CEID members are supported by our talented CEID staff, who provide theoretical and technical expertise on topics ranging from physics and mechanical engineering, to architecture and graphic design. See below to learn more about our full time staff, as well as our undergraduate design aides!
Friendly, talented student aides are well-versed in the tools in our studio -- from laser cutting to 3D printing, power tools to electronics. A CEID student aide is available for "expert hours" from 6 - 9 PM each night of the week. See below for more about our aides and their expert hours:
CEID courses and curriculum take students beyond the traditional academic experience, encouraging them to work collaboratively to develop creative solutions for the real world. From musical instruments to medical devices, students are exposed to design process through a variety of course topics and themes. Students work with mentors from within and outside of Yale, who act as both clients and experts in the field. Student work in courses has produced patents, publications, for- and non-profit organizations, and above all unique and in-depth learning experiences that move ideas from the lecture hall to the studio, and beyond the classroom.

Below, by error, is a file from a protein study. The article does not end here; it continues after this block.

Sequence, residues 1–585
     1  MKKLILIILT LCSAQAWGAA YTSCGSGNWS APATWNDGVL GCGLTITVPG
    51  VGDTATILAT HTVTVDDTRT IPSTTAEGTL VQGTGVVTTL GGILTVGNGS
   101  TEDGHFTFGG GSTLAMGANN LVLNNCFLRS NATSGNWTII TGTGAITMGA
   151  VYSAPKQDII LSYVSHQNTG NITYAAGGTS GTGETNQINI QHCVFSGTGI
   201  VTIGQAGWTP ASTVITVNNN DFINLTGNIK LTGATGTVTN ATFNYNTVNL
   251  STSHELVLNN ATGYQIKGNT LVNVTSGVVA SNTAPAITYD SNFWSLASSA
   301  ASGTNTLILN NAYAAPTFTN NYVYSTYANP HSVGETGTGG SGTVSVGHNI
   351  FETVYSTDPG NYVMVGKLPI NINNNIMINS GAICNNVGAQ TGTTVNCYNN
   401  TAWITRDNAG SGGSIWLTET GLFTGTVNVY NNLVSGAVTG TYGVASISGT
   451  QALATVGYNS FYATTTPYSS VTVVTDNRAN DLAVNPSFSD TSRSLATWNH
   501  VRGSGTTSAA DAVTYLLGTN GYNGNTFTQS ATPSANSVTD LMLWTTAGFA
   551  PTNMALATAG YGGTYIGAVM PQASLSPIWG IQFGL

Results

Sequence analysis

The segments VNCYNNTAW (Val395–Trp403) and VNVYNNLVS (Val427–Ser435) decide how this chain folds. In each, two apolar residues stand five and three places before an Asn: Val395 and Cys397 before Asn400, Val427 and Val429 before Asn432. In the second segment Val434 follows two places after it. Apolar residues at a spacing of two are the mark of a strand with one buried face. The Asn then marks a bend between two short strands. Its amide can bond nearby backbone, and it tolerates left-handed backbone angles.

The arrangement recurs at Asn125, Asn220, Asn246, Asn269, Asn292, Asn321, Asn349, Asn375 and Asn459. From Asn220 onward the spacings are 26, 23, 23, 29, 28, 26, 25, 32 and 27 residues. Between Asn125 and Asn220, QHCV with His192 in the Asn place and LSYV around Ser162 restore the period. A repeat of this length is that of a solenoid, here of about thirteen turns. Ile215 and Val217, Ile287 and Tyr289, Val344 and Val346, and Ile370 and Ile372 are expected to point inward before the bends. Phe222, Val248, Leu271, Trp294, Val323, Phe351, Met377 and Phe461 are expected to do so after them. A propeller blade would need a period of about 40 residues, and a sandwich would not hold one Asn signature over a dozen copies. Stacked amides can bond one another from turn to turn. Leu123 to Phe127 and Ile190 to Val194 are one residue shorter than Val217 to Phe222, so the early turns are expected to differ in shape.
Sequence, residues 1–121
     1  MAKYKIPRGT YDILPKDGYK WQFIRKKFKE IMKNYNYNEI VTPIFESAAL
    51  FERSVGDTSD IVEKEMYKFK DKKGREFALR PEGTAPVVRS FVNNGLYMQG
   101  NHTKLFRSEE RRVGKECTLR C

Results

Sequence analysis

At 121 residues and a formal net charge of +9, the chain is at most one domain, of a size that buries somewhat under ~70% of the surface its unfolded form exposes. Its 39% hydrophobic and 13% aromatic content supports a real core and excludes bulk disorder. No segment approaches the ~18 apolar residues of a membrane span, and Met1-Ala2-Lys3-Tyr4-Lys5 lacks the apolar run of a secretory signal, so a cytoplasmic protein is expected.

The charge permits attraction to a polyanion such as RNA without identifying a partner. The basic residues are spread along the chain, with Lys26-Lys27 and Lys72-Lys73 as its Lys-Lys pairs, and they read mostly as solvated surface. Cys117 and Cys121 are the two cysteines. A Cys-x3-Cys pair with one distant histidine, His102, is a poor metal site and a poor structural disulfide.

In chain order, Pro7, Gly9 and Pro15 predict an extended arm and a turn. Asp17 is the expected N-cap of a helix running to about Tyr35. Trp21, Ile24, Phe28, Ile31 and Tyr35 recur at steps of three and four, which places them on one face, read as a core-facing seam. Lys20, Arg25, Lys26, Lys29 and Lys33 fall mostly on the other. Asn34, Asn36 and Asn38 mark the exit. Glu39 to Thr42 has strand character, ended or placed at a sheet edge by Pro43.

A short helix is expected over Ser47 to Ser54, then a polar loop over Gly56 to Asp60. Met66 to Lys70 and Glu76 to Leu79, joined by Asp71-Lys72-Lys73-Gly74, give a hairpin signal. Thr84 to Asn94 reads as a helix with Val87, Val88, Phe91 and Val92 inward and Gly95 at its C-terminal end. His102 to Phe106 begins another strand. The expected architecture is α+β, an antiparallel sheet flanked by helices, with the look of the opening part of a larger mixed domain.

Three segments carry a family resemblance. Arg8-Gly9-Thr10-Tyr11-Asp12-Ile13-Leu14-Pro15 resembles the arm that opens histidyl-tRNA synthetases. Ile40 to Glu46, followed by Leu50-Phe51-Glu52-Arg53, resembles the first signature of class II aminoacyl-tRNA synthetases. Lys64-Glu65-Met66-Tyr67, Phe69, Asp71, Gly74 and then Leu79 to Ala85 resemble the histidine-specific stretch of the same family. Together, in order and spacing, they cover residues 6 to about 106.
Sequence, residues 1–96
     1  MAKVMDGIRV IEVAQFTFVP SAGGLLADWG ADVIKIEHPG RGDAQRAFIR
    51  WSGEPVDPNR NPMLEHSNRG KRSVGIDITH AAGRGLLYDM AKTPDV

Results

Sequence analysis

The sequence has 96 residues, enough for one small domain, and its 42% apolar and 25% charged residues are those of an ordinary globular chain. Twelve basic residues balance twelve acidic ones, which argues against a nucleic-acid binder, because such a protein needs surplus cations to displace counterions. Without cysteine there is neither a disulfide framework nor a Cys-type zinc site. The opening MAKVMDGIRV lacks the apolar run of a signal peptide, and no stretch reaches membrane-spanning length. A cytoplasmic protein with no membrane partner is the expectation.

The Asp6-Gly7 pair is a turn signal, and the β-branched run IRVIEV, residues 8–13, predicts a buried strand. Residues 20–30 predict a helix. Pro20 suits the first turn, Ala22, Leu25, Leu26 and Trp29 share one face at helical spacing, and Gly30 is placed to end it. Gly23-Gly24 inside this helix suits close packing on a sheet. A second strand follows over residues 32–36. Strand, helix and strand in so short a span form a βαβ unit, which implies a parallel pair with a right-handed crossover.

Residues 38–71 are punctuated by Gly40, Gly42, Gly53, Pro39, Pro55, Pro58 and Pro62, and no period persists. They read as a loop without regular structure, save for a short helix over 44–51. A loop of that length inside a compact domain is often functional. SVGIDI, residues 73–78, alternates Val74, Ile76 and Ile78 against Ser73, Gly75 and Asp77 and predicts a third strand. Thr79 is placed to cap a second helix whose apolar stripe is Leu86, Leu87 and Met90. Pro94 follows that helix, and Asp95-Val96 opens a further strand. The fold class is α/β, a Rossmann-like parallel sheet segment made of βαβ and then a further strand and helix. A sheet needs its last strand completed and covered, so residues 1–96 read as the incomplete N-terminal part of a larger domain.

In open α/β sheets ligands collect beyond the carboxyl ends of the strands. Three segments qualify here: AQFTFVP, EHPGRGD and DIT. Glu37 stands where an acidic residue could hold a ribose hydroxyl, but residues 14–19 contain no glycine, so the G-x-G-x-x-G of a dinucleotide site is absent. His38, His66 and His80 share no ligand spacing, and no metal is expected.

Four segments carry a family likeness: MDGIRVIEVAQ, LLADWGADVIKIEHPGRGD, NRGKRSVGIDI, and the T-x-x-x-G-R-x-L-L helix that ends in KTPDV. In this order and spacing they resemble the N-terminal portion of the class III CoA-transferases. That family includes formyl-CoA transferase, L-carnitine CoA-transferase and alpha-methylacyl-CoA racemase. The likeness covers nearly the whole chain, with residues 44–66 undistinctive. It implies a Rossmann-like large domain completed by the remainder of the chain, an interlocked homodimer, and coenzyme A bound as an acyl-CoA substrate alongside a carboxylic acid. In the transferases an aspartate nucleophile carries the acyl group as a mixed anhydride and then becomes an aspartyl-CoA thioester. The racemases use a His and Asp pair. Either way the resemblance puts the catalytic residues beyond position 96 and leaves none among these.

Instructors: Sarah Oppenheimer, Joseph Zinter
A weekly studio and seminar at the intersection of art and engineering, Screen Space explores how the dynamic architecture of screen and projector can be understood as a site of creative work. Students design and build projection machines that delve into the potential aesthetic language of light, form, color, and motion.
Instructors: Eric Dufresne, Larry Wilen
An introduction to engineering, innovation, and design process, students learn select ideas and techniques across six engineering disciplines and apply what they have learned in a team-based final project for a Yale-based client.
Instructors: Konrad Kaczmarek, Larry Wilen
This course combines the concepts of musical acoustics with the design and construction of musical instruments. Theoretical concepts are supplemented with historical and musical perspectives on instrument design, taking advantage of expert guest lecturers and resources in the Collection of Musical Instruments. The course culminates in the design of novel musical instruments.